There’s one reason to see this film: Meryl Streep. The Iron Lady follows Britain’s Margaret Thatcher from aspiring politician to political powerhouse, from loving wife to grieving widow. Streep brings to this range of life experience her power to move one with the slightest tilt of her head, to convey inner experience with the minuscule shift of the direction of her eyes. By the end of the film, one feels one has been enlarged and touched by the depth with which one has shared the full life of another human being from the inside. We feel we know what it felt like. That makes the movie a great pleasure to experience.
The story’s told through Thatcher’s mental world in old age as it flows between past and present, and between what’s actually happening in her life and what’s illusory — particularly the hallucinatory and “alive” presence and companionship of her beloved husband, Denis Thatcher, who often settles in with her for a chat across the dining room table, on the sofa, and in bed, but who — as she at the same time knows well — had died a few years earlier. It’s a compelling, and genuinely interesting coda to a moving love story.
Thatcher’s against-all-odds climb to the pinnacle of power as Prime Minister of England is Horatio Alger-like (though her father did own two grocery stores). The film sees a relationship between her arch conservatism, especially her focus on individuals as responsible agents, and disdain for government solutions for people’s problems, to her own relatively humble beginnings and tough uphill battle. She remembers herself as a girl working in her father’s grocery store, through her early grasps at political office and her marriage with the wealthy businessman, Denis, to her rise as a national political figure. Along the way she has to overcome, and often overlook, sexism and snobbery (the grocer’s daughter in Parliament — you can imagine!).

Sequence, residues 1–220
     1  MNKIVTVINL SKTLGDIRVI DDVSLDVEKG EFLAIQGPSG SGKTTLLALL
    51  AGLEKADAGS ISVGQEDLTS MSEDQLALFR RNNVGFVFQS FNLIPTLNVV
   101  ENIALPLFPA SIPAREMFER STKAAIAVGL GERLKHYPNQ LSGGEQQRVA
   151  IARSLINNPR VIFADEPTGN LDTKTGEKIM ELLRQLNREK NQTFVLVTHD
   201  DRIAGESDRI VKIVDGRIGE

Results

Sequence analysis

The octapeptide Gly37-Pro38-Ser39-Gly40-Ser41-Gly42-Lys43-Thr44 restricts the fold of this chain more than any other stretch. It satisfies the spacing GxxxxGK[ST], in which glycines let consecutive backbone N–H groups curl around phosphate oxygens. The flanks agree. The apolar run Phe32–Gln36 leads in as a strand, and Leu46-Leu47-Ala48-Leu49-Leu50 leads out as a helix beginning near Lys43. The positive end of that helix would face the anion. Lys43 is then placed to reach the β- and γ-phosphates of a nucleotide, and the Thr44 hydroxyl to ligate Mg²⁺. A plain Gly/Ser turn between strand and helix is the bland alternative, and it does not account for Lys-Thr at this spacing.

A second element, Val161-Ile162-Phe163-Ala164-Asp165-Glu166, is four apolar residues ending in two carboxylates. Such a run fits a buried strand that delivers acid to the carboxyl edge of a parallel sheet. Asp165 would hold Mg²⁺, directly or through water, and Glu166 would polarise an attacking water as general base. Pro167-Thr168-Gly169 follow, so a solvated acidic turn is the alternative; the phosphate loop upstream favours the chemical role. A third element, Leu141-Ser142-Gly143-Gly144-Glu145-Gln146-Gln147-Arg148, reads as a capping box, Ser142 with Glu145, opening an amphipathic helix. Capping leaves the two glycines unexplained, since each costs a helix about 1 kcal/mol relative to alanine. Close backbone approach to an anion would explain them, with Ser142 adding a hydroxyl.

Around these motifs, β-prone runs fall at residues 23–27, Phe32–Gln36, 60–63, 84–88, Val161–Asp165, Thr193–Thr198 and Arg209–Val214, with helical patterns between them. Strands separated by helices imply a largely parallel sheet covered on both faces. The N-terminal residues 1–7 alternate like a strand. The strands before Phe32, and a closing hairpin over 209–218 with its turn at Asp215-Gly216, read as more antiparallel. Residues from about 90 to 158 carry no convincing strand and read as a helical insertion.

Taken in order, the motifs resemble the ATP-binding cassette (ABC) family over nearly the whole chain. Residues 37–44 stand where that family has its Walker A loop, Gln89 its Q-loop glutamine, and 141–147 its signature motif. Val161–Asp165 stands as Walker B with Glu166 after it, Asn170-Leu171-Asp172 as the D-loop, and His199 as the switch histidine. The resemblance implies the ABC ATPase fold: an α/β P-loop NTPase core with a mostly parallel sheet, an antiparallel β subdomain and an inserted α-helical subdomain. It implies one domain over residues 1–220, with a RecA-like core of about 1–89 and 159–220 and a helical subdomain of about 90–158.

In its treatment of her long tenure as Prime Minister, the film gives glimpses of positive and negative aspects of the tough-minded and at times brutally enforced conservative policy of the “Iron Lady”, and takes us through to her eventual defeat as head of the Conservative Party.
But for all of Thatcher’s central, and continuing, political significance, these are background to what the film focuses on and does well: the inner life of this strong and independent-minded woman, now diminished in strength, and with her independence challenged in even the smallest everyday matters — like going out on her own to buy a carton of milk. This is an imagined telling of her toughest battles: lost love and old age.
It’s not possible to know how much the subjectively presented film reflects that “real” Margaret Thatcher. Are these really her thoughts? Streep sounds like and looks very like Thatcher but, in the scenes of Thatcher’s mid-years, a little softer and prettier, with Streep’s characteristic girlish underlay (she managed to avoid this, however, in her astonishingly convincing portrayal of Julia Child in Julia and Julia). But never mind physical vanity: in the showdown — old age — Streep gives all to expressiveness. During one scene in which she’s still really good looking, it takes a long time to sew on a bodice button, with Streep’s impressive décolleté spotlighted all the while. I thought, she likes to allure, but she likes even more to be a great actor. There’s nothing’s left of handsome — or glamorous or graceful — in the old, red eyed, bulky, wispy haired, and often frightened Mrs. Thatcher.
But personality persists. This Margaret Thatcher maintains her full self in the face of the frailties of age, grief and hallucinatory confusion. We know about these, since the movie let’s us see her at her weakest, but the rest of the world doesn’t have to know! Interacting with others — with a doctor, or at a dinner party — she drifts off. But she realizes it. And will not tolerate condescension. How shall she retrieve her dignity? Characteristically, of course, by a rousing political statement, on the spot, articulate and vigorous. She rouses herself with a jolt, I’m still Margaret Thatcher. These are some of my favorites scenes in the movie.
Alexandra Roach is charming, feisty, looks the part, and in all ways creates an affect consistent with the mature Margaret portrayed by Streep, and Harry Loyd brings an erotic chemistry to their romance that effectively warms the movie. Olivia Colman as their daughter Carol portrays the conflicted but loving relationship with her extraordinary mother.
But how did the grocer’s daughter become Prime Minister of England anyhow? We get glimpses of what she did but no insight into how. Surely Thatcher didn’t climb the slippery slope just by being a peppery young woman. She couldn’t have maintained power and forced through her policies without manipulations, accommodations, negotiations and alliances within alliances, but these are barely hinted at, and the film leaves one wondering about the mechanisms of her success. There’s another movie to be made about Margaret Thatcher. But this one is compelling in human terms, a most public woman in her private life, a most powerful woman struggling with the weaknesses of old age, illumined by a remarkable actress.